Different Types Of Guitars – Everything You Need To Know

different types of guitars

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What comes to your mind when you think about the guitar? Maybe a red and white electric guitar? Perhaps a more classical, wooden guitar? Actually, there are a ton of instruments that can be called guitars. In this article, we will talk about many different types of guitars you can choose from.

Acoustic guitar

Throughout this article, we will utilize the term “Acoustic Guitar” to refer to all the different types of guitars that rely on their body as a resonance box, in which the vibration produced by the strings are amplified.

European vs. American Standards?

When talking about acoustic guitars, we can distinguish many sizes and shapes, mostly coming from their place of origin, their particular culture, and craftsmanship.

In Europe, one of the most distinguished guitars is Flamenco guitar. This guitar has a smaller soundbox, aiming for speed and sharpness in tone.

flamenco guitar
Flamenco Guitar (© Rich Anderson from Denton, United States / CC BY-SA)

In America, it is more common to see big guitars, such as dreadnought guitars, which are an acoustic variant that is highly valued because of its loud, deep tone.

dreadnought guitar - gibson hummingbird
Dreadnought Guitar, (Gibson Hummingbird, © derick passmore / CC BY-SA)

Body shapes & sizes

Depending on the standard and purpose, acoustic guitars can be distinguished by several features:

  • Shoulder height: A thing to consider while choosing an acoustic guitar is its height, which is the fret in which the fretboard meets the guitar’s shoulders. Typical guitars will have their shoulders between the 10th and 16th frets.
  • Shoulder shape: Classical guitars usually have rounded shoulders. However, there are some types such as dreadnought guitars that count with squared shoulders, adding size to the soundbox.
  • Shoulder symmetry: Acoustic guitars can have either symmetrical shoulders, adding to the depth of the tone or go for a cutaway design, in which one of the guitar’s shoulders is cut in a way that makes the frets closer to the bridge more accessible to the player.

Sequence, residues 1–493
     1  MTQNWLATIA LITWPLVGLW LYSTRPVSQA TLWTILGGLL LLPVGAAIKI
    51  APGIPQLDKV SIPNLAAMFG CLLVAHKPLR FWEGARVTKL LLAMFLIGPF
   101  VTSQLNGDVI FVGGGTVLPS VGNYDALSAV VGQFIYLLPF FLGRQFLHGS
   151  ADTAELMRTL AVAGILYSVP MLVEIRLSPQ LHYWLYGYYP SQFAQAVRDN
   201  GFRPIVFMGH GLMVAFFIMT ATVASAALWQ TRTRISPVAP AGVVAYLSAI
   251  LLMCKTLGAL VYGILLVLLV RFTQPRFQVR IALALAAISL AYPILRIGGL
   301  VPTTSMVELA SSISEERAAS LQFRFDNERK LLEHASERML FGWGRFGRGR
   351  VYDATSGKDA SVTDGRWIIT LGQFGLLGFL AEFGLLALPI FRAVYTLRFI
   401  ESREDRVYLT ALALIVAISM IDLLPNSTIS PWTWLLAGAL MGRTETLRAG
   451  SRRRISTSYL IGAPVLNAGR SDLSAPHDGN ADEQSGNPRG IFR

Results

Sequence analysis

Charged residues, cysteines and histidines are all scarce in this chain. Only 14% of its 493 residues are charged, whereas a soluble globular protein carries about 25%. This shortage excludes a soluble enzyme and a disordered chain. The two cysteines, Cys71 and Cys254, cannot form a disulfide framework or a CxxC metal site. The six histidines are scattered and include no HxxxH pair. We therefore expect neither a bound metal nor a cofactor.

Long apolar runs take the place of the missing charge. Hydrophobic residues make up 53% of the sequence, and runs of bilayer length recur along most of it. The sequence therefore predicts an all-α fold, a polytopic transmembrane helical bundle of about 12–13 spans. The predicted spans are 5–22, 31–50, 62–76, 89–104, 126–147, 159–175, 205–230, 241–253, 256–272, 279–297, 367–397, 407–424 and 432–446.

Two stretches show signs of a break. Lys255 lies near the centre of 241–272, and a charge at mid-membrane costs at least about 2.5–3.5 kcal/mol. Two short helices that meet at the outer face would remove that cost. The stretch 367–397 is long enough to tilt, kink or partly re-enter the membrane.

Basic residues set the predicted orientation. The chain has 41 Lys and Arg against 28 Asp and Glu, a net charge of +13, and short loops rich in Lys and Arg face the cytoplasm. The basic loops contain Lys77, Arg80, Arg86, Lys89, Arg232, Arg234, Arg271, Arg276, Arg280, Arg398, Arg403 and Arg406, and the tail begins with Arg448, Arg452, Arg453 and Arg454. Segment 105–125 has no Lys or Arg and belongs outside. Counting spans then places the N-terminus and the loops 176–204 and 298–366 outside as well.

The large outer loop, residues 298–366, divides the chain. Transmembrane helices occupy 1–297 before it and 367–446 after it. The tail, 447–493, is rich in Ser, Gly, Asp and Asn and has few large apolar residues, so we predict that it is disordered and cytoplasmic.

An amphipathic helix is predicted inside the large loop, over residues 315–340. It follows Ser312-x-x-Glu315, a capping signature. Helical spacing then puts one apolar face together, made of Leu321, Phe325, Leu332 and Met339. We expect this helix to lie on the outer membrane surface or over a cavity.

• Body Size: The bigger the body is, the deeper and louder the notes will sound. Some genres favor small guitar bodies because of their tonal sharpness, such as flamenco. In contrast, others will choose bolder sounding instruments.
  • Overall size: Guitars come in several sizes that adapt to the player’s own size and preference. Usual sizes are 1/2, 3/4, and 7/8.


Classical guitars and most acoustic variants will use nylon for the treble strings and wound metal for the bass strings. However, American acoustic guitars usually are played with metal strings entirely.

Music styles

The sheer dominance of this guitar in every music style is notorious until the appearance of electric guitars, which allowed the arrival of new music styles because of their sound. However, acoustic guitars have also earned their place in the styles electric guitars have created. The music styles used for acoustic guitars can be further distinguished depending on the type. For example, dreadnought guitars make the distinctive sound of bluegrass and folk music, classical guitars shine best in baroque and romantic pieces. Flamenco guitars are the star of a style that includes many subgenres and different rhythms.

Pros and Cons

  • Pro: Acoustic guitars don’t need any power source to be played, and it’s easy to learn how to do proper maintenance and adjustments to them as an owner, without requiring assistance from an expert (such as keeping the surface clean, replacing the strings, adjusting the action, etc.)
  • Con: You will need some external microphone if you want to be heard in large crowds.
  • Pro: Nowadays, acoustic guitars will grant you good quality and customizability for low prices.
  • Con: Acoustic guitars rely heavily on their bodies for their tone and their volume, so they need to be treated with special care. Moreover, some mass-produced models might not age well, and you might have to repair your guitar or get a new one after some years.

Electro-acoustic guitar

Electro-acoustic guitars are a great compromise between the power of an electric guitar and the warmth and natural feel of an acoustic guitar. These guitars can look and feel like an acoustic guitar, with the addition of pickup coils or a microphone inside the soundbox and an output jack.

Electro-Acoustic Guitar
Electro-Acoustic Guitar (© Wilterke / CC BY-SA)

Body shape & size

Electro-acoustic guitars usually have robust bodies with a soundhole to create a resonance box, much like acoustic guitars. Most models are cutaway for easier access to the upper frets, and their pickups and microphones.


Electro-acoustic guitars are usually played with metal strings to utilize both the soundbox and their pickup coils best. Most electro-acoustic guitars will include receivers, though, so it is possible to play with nylon strings. However, you would lose tone if you were to use the pickups as well.

Music styles